Not More Browse!!!! – Brenda

One morning I was sitting quietly with a cuppa after the second of the daily feeds and wondering just how much longer I would be tramping the neighbourhood looking for leaves when the phone rang “do you have room for a koala”? My first thought was ‘the branches’, where would I get enough branches for a koala, as well as those needed for the gliders and possums, not to mention, the gunyah and space for a koala. The only area I had still vacant no longer had a usable gunyah, it was laying on the ground in one of the large aviaries where it had been put when the shed used for koalas had its floor concreted. The koala was at the vet clinic being examined and the rescuer had called regarding questions the vet had regarding the injuries. I told the vet the koala would no doubt be very thin and also badly dehydrated. The vet confirmed these concerns as well as a description of the injuries sustained in the road accident. The injuries were diagnosed as probably fixable so the dehydration and starvations were possibly the major concerns. I explained the problems koalas in our region have during the very hot windy summer weather and that most often they are found on the ground having fallen out of their tree through dehydration and starvation. I asked for it to be given large amounts of fluids over the day and organised it to be left at the clinic overnight. There went the cuppa and relaxing hour and off I went to try to set up the gunyah which was spectacularly unsuccessful although I had most of the required bits and pieces when my rescuer arrived with the koala the following day and he set up the required seating arrangements for the patient.
The major accident damage to the koala was around its mouth, however it was incredibly thin – the spine was prominent – and despite being given lots of fluids, the dehydration was still calculated as severe. The injury meant it was unable to eat leaves, so began the thrice daily routine of mixing and feeding special semi-liquid food, spoon by spoon which took almost an hour each time. This mix offers nutrition and fluid, both much needed. Over the next few days the koala was given more fluids and antibiotics and it began to lap the food straight out of the bowl taking the almost 3 hours each day eventually down to half that time. Leaves were also set up around the gunyah although only a few as it was unable to take any except new soft tips and these had to be hand fed and held until each leaf was well into the mouth. The hand feeding of the soft food continued for 3 weeks then reduced over a week until it was no longer given and the koala was close to release. It had begun gathering its own leaves after the first week but only soft premium young leaves were eaten – old dull dry leaves were simply not acceptable so the ‘leaf hunt’ was spreading further and further away. When Garry was home he would drive for 15 or 20mins from home to find trees, my lovely rescuer also called in a few times with fresh picked branches. Release day is always a mix of ‘but what ifs’ and relief at the lightened work load. This was no exception.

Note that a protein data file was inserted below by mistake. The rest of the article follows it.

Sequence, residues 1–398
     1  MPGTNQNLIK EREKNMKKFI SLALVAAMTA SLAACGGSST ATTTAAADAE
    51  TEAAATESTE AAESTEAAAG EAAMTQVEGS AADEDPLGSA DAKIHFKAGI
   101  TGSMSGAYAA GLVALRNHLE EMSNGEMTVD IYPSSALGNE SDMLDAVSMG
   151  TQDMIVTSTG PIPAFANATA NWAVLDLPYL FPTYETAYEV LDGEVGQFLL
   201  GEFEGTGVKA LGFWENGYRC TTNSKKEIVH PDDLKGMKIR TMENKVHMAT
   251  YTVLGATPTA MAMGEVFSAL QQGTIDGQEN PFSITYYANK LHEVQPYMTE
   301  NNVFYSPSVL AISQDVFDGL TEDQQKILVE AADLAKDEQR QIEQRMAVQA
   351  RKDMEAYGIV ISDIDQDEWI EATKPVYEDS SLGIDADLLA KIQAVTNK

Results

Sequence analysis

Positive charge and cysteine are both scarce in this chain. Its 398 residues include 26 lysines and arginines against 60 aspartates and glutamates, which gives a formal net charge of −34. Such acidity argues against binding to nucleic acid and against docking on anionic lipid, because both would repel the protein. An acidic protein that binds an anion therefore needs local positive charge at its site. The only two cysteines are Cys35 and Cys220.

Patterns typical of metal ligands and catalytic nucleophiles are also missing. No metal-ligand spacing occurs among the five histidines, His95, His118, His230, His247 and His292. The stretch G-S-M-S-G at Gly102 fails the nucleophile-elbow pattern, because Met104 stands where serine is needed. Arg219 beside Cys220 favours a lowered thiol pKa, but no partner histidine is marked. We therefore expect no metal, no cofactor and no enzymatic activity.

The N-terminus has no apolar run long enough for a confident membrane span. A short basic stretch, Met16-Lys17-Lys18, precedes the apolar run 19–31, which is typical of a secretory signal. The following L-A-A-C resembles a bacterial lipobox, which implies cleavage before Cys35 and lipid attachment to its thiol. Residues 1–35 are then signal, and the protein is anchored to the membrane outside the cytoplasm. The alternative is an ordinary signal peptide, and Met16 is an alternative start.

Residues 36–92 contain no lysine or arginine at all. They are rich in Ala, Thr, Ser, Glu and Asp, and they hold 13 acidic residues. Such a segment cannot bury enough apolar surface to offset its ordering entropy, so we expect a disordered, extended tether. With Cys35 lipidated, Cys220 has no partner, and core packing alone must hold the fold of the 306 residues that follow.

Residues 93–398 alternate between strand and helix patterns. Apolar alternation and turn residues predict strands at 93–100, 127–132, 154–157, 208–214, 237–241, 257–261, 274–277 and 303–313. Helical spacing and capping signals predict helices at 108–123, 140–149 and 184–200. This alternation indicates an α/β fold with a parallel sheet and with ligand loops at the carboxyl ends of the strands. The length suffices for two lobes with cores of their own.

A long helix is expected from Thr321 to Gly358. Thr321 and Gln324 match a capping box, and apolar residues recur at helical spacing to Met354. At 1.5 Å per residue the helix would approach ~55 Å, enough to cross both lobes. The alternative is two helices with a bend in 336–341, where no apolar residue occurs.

Currently we have no leaf eaters in care, the gliders canopy leaves don’t have to be lush and edible, just suitable for the 3 in care females to practice their bobbing, weaving, gliding and harvesting of insects and nectar before release in a short time and I’m very thankful for that but still find myself checking out every tree on the way anywhere and wondering just where I would be positioning myself with the loppers in order to cut a branch without dropping it directly on me.
BUT WAIT – I’M NOT FINISHED JUST YET WITH BROWSING
I’m not the only one with stealth and agility – well, these days maybe neither of us could boast much stealth or agility – who gathers browse for Brushtails and Ringtails in care, friend Cheryl has the same daily chore.
For both species, but more so for Ringtails, as well as gathering leaves we also take note of flower buds, and blossom from native trees and shrubs and before too long know where we’ll be grocery shopping today and where it will be tomorrow and the next day and so on. Why? Because that particular shopping centre has native trees or shrubs with young leaves, blossom or buds and the next one has buds yet to open so its noted for later in the week. We can manoeuvre our way around housing estates in exactly the same way – the houses with flowers hanging over the fences are often our special targets.
Unlike me, Cheryl on occasion collects her browse after dark and related to me the adventures of a few weeks ago. After dining out she remembered one of ‘her’ special trees was close by and decided to give her possums some of the luscious offerings from this tree. Being a familiar tree, no light was needed so off she tripped with hubby in tow to the tree. Standing on tippy-toes and reaching high she gathered a large handful of small branches with what looked/felt to be suitable leaves which suddenly felt not quite right, it felt as though something much more substantial than a handful of leaves had been gathered. Now, I’m listening to the tale and wondering what was to come when the laughter starts and I’m told about the very indignant magpie that had been ungraciously woken from its nightly slumber and dragged from its comfy leafy bough – I suggest it’s probably just as well that we are yet to master magpie language but I gather it didn’t sound complimentary. But yes, our intrepid leaf collector was successful and took home the spoils. I wonder if she also related the adventure to her beautiful charges and if the magpie ever slept in that tree again.

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